PDI-4: Science in Context: Helping Students Develop 21st Century Skills Through Issue-oriented Science
Date: Wednesday, March 9, 2011
Location: Marriott San Francisco Marquis Hotel, Room Yerba Buena 4
Intended Audience: Grades 6–12
Recommended Pathway Sessions
Science Education for Public Understanding Program (SEPUP) of the Lawrence Hall of Science, University of California, Berkeley
Barbara Nagle, Director, SEPUP, Lawrence Hall of Science, UC Berkeley
John Howarth, Associate Director, SEPUP, Lawrence Hall of Science, UC Berkeley
Maia Willcox, Instructional Materials Developer, SEPUP, Lawrence Hall of Science, UC Berkeley
Laura Lenz, Instructional Materials Developer, SEPUP, Lawrence Hall of Science, UC Berkeley
- Why is issue-oriented science an important approach?
- How can issue-oriented science units provide rigorous science content and process and address national and state standards?
- How does issue-oriented science help students to develop the skills and knowledge that will help them to be successful in the 21st century?
- What are some characteristics of high quality issue-oriented science?
Adolescent students will soon be adults who will be in the position of making numerous personal and political decisions, many of which can be informed by scientific principles and processes. They will make decisions about personal health, consumer goods, and public policies related to the environment, to name just a few. Traditional science programs often fail to bring to life the connections between the science content and processes students learn and their everyday lives. In addition, few science programs give students experience applying their science learning to make evidence-based decisions. Yet in order to develop the level of scientific literacy needed to make informed decisions, students need to interact with issues that require the application of scientific evidence in formulating a position. An issue-oriented science approach engages students in thinking about how science relates to their own personal lives and to societal challenges, and in doing so opens the way to developing scientific literacy in all students.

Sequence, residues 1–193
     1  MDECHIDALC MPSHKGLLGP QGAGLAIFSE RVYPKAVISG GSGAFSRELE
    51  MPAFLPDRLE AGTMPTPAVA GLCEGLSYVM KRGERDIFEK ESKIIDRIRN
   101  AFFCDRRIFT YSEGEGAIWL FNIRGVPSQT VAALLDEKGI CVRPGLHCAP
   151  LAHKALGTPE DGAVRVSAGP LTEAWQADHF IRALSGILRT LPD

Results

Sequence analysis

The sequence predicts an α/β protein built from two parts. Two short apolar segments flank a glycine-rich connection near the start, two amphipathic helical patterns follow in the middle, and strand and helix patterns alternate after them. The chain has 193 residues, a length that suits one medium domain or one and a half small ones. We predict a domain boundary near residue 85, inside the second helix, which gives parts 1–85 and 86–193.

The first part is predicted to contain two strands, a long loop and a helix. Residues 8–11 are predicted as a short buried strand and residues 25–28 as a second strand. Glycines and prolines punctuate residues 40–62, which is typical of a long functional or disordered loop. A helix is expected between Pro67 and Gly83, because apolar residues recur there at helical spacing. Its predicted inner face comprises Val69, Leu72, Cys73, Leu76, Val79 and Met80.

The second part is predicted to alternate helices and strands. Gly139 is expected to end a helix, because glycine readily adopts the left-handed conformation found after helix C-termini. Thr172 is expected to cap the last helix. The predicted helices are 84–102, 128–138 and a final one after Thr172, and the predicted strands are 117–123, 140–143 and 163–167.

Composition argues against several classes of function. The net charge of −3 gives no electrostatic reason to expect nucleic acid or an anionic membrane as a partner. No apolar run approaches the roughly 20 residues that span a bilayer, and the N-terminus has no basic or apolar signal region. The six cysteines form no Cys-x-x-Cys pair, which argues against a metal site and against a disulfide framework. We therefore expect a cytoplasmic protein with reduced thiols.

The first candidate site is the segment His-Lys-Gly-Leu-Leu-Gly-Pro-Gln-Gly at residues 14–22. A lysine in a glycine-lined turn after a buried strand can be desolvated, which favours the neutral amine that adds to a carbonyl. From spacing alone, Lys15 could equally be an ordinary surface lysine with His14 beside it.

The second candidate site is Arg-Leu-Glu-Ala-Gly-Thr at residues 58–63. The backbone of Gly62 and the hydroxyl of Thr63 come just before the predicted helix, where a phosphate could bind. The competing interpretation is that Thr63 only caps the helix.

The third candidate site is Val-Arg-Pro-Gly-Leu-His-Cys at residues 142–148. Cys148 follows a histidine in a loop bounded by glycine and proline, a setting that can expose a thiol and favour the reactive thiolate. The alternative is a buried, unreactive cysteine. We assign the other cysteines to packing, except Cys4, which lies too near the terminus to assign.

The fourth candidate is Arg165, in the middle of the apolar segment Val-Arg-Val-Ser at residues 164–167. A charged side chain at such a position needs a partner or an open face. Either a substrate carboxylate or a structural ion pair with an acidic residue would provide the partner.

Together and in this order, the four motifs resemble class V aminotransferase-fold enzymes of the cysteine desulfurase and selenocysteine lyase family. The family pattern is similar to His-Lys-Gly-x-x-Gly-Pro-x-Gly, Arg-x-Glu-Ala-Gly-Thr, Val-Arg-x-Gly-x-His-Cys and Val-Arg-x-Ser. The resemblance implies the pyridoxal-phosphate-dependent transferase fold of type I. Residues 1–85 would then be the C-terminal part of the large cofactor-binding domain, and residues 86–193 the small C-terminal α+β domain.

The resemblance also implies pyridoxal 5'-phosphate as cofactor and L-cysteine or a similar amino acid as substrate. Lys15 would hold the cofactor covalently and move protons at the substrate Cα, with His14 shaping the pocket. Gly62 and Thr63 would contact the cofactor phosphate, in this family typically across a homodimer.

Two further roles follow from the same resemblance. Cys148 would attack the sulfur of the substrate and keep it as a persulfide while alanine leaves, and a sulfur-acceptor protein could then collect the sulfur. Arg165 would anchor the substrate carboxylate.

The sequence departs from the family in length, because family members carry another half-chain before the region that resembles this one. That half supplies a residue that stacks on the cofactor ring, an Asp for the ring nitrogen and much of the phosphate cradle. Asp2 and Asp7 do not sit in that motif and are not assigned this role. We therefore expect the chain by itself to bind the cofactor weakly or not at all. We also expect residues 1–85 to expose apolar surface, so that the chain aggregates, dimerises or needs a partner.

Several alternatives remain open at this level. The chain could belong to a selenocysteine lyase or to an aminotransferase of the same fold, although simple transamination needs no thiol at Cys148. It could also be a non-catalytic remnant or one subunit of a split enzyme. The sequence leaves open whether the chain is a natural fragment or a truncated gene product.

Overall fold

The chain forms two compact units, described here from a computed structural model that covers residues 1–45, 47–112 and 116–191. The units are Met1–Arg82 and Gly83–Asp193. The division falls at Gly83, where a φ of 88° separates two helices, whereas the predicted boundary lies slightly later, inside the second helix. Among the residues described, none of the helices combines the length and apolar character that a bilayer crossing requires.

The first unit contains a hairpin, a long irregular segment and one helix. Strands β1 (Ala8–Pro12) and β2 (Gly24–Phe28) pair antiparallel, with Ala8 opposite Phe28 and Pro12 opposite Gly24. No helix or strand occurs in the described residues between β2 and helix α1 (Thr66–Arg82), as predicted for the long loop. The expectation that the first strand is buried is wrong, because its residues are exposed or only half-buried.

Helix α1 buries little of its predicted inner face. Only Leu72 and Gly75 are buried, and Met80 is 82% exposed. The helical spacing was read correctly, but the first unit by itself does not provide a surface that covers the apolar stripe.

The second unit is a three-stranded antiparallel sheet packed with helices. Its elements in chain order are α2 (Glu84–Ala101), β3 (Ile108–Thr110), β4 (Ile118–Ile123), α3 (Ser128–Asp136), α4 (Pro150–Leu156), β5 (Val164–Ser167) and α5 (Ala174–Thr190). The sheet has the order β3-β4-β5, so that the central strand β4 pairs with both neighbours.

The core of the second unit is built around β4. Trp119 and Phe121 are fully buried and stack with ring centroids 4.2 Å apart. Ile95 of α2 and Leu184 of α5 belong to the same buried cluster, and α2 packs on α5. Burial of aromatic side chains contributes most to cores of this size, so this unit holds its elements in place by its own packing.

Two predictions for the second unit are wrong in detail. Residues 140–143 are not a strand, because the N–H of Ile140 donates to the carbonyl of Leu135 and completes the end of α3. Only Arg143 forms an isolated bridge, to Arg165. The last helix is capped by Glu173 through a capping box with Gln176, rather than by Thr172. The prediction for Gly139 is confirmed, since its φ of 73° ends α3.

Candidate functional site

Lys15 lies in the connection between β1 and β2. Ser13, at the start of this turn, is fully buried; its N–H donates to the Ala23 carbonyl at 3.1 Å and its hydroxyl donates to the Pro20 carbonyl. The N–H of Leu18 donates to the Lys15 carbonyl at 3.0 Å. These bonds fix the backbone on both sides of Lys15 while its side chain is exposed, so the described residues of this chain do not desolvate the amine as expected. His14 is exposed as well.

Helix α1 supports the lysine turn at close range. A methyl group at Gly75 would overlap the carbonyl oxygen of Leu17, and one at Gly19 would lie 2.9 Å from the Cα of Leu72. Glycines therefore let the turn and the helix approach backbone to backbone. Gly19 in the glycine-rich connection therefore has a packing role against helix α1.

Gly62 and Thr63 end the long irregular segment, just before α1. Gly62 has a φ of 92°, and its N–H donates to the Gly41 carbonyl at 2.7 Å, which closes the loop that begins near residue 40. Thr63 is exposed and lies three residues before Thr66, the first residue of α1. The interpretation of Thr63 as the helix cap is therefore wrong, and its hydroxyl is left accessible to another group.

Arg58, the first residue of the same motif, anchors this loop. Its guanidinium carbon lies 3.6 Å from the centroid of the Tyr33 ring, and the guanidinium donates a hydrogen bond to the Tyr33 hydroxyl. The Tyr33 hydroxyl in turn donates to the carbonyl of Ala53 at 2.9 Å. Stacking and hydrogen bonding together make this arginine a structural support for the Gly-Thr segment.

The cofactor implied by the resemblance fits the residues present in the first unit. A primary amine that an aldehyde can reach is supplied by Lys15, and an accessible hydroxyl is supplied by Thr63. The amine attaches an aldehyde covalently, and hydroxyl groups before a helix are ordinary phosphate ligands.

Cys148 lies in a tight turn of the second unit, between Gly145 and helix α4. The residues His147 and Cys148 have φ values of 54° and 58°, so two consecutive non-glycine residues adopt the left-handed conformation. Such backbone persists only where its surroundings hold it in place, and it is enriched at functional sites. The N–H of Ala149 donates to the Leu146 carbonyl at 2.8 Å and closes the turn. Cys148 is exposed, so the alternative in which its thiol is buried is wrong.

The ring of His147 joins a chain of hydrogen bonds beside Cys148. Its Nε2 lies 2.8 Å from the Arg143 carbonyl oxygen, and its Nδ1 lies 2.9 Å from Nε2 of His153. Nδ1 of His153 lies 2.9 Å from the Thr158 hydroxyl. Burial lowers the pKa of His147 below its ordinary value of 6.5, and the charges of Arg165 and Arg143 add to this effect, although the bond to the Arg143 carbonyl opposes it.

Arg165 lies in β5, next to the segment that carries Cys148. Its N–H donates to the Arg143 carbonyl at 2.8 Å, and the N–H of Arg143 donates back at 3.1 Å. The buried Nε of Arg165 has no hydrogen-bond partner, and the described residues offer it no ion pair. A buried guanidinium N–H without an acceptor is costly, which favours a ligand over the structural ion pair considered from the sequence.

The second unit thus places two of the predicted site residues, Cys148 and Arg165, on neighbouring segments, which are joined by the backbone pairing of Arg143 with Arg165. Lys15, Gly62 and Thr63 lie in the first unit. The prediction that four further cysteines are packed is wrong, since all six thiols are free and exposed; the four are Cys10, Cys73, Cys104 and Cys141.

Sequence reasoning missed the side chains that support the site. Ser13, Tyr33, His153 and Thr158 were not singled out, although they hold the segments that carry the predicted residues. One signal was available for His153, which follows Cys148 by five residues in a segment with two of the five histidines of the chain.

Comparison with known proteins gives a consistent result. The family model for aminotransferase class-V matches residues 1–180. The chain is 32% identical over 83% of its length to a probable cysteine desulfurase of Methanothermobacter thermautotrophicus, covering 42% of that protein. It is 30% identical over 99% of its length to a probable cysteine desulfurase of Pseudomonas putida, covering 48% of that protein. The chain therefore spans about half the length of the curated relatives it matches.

This Institute is intended for participants who work with middle and high school students or pre-service and in-service teachers. The session will use an inquiry format to guide participants to an understanding of the rationale for using, and methods of incorporating, socioscientific issues in the science classroom. Participants will develop a vision of a classroom that is centered on an inquiry approach to a personal or societal issue. Through group work, discussions, presentations, and investigations, participants will build the foundations necessary for understanding why and how to use issues to teach science. Participants will also examine data that affirms learning gains by students engaged in issues-based programs. The nature and importance of unidimensional, formative, and embedded assessments will be discussed as participants examine student work and engage in a moderation activity with colleagues.
This Professional Development Institute is presented by staff from the Lawrence Hall of Science’s Science Education for Public Understanding Program (SEPUP). SEPUP has extensive experience developing issue-oriented instructional approaches and in providing professional development to teachers who use these approaches. The pedagogy and strategies embedded in issue-oriented activities developed by SEPUP will be analyzed and discussed during the Institute.